During World War II, engineers within the Nazi regime devised some of the best and most-advanced aerial weaponry of the era. One German fighter plane, the Focke-Wulf Fw 190, for a time outperformed anything the Allies could put in the air.
Fortunately for the Allies, engineering on their side eventually swung the air superiority pendulum to their advantage. A rugged, unconventional engine that many people today have probably never even heard of helped to neutralize the Fw 190 and the rest of the Luftwaffe. In its own way, an engine helped propel the Allies to victory [source: Rickard].
The sleeve-valve engine, which has been used on both automobiles and airplanes, powered speedy British fighters such as the Hawker Typhoon and Hawker Tempest. With their brute horsepower, they helped the Allies control the skies, provide air support for ground forces and eventually win the war.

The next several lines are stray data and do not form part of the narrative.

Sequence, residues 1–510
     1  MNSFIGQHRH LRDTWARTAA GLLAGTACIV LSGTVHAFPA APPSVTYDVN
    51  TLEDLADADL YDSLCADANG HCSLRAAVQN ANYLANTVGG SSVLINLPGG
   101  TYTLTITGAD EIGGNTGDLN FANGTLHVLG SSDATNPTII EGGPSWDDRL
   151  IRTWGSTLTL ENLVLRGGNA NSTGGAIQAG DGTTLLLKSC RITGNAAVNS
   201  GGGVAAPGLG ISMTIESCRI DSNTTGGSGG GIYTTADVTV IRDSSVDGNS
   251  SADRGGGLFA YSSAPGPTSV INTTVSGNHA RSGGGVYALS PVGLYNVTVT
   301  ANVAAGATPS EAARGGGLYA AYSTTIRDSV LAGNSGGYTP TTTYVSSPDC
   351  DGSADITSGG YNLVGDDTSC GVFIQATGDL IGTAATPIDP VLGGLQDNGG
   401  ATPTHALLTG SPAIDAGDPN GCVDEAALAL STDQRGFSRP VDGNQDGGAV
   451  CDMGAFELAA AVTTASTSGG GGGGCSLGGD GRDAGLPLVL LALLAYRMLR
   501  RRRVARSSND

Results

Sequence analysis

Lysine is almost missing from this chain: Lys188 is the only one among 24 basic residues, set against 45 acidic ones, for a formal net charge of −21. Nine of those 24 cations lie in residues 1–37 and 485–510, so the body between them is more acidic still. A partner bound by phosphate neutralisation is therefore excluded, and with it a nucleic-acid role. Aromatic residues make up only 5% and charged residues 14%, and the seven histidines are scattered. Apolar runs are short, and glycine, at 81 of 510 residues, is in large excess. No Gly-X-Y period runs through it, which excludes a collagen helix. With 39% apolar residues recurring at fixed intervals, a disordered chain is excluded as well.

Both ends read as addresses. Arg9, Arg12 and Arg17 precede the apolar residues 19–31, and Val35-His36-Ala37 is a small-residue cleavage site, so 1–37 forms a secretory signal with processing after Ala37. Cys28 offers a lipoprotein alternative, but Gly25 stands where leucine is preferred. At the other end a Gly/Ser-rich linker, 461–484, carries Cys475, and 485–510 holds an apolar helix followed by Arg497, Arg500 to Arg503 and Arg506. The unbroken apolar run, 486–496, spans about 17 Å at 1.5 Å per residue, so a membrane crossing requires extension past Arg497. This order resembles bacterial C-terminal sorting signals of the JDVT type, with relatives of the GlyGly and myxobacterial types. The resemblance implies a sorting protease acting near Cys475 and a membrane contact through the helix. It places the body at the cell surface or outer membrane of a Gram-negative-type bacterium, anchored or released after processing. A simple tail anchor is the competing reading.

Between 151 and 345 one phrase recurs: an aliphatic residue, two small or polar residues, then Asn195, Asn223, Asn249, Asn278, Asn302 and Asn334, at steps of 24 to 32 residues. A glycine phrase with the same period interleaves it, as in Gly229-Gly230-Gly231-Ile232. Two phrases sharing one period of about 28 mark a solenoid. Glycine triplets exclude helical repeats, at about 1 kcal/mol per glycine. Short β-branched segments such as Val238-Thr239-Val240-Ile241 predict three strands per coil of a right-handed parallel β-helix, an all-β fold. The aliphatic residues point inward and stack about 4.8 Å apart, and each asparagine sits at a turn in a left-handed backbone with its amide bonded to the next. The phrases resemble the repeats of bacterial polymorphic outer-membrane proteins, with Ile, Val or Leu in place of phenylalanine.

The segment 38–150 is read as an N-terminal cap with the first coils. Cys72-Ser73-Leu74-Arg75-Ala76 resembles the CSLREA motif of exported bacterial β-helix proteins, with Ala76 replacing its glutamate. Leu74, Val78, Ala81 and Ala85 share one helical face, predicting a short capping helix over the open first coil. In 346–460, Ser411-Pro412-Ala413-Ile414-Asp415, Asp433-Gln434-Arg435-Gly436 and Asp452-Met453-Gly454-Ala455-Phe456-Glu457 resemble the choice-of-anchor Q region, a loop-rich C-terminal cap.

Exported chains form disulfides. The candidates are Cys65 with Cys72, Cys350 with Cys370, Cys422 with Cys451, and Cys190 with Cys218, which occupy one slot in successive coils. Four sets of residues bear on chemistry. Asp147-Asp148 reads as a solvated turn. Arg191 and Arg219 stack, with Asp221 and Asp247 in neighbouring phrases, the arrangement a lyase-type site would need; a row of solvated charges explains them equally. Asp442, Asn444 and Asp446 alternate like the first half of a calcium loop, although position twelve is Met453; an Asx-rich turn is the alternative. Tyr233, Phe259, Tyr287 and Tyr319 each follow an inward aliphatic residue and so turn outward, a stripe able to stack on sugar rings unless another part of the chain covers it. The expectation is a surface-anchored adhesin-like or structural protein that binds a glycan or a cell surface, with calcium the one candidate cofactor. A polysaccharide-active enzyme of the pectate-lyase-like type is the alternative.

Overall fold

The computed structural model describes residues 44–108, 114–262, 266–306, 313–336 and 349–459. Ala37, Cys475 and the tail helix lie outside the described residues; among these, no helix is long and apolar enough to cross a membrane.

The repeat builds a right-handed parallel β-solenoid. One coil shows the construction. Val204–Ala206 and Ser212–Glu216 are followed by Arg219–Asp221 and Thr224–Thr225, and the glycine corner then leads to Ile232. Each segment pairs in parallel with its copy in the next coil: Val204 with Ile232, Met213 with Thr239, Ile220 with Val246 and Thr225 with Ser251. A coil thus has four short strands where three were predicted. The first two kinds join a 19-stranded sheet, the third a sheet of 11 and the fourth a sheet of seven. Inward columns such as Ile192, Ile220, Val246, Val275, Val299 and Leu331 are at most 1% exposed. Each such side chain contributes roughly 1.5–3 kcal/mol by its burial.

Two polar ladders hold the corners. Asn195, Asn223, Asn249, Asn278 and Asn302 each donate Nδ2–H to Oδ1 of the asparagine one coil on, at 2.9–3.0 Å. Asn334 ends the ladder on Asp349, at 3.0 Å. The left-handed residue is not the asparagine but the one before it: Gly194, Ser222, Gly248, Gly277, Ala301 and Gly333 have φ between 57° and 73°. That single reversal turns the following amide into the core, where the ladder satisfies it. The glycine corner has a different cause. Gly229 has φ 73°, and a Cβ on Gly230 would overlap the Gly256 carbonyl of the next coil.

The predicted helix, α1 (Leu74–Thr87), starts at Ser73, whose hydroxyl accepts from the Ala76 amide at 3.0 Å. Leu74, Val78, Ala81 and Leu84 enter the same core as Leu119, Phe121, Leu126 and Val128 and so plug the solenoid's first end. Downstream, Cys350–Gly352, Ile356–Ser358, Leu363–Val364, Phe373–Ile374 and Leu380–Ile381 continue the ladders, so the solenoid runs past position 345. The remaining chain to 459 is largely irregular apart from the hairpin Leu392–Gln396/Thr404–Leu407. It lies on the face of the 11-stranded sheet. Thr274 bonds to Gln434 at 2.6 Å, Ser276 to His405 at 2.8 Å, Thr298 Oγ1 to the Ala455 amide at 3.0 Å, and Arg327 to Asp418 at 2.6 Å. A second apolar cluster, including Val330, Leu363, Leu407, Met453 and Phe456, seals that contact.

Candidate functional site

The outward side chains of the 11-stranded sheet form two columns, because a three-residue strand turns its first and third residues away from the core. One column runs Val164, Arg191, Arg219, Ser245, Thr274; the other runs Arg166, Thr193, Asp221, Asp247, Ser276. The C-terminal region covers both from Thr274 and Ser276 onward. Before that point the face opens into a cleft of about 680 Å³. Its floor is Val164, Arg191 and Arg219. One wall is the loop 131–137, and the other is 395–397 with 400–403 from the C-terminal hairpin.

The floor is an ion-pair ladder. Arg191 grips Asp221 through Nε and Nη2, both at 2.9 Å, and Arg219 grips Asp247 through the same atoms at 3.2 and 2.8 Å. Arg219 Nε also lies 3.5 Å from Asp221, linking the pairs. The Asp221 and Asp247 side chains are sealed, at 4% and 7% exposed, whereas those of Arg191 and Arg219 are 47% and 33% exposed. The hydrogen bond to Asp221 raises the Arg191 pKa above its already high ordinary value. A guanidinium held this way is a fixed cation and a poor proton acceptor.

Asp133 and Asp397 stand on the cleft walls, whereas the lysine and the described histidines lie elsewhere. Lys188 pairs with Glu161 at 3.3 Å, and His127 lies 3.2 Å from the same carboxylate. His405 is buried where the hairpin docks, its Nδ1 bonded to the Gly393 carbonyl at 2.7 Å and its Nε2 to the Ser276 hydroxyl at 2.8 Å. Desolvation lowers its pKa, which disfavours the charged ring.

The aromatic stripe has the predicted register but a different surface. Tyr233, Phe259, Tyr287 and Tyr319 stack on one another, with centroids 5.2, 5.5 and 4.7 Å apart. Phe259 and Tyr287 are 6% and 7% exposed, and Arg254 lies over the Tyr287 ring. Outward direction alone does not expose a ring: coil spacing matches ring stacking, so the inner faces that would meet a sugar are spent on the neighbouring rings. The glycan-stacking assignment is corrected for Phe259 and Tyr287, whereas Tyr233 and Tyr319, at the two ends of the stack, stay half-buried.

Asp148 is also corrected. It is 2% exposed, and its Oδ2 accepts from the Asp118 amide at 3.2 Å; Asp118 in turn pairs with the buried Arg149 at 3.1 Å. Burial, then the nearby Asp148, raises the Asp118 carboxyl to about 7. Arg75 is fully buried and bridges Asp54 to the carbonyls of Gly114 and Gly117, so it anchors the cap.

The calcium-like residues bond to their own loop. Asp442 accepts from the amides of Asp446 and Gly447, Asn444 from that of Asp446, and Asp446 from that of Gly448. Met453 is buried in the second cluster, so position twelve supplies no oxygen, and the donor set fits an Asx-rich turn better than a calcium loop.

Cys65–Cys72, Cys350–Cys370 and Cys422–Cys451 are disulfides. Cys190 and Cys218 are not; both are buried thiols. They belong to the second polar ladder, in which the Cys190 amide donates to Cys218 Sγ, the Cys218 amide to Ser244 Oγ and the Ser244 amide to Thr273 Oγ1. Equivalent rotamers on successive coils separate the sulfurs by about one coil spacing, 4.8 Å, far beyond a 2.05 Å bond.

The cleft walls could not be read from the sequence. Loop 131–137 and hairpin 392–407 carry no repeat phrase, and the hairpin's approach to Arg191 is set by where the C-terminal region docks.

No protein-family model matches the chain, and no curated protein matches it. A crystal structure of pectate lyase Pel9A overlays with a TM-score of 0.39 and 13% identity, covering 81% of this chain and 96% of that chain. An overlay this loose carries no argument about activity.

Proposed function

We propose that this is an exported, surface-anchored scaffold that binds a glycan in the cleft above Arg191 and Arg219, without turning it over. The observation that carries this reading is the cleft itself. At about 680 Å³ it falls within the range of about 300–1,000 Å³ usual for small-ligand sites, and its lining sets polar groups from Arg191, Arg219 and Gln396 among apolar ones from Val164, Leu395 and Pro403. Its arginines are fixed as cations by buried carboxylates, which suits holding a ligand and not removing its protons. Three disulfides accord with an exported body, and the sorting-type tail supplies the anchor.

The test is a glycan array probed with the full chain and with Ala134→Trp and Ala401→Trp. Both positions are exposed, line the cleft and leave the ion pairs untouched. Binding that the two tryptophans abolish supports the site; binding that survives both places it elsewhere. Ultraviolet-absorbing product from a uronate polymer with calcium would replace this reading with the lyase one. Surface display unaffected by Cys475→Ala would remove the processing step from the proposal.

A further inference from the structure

But what exactly is a sleeve-valve engine, and what's with the funny name? And why don't we see or hear much about them today?
The engine gets its name from the thin-walled, metal sleeve that slides up and down within each cylinder during the combustion process. Typically, holes in the sleeve and in the cylinder containing it line up at predictable intervals to expel exhaust gases and suck in fresh air.
Despite its honorable armed services record, the complex sleeve valve setup lost out to what we use in internal combustion engines today, tappet valves. In airplanes, of course, piston-driven powerplants of all types largely gave way to jet engines.
But hold on -- don't dismiss the sleeve valve as a useless historical relic just yet.
At least one company is seeking to bring the venerable sleeve valve engine back into action, but with a few modern twists.
In the next few pages, we'll take a look at just what makes the sleeve-valve engine turn. We'll also examine why it fell out of favor, along with the reasons it's being called up now, more than a century after its invention, to serve in a different kind of "fight."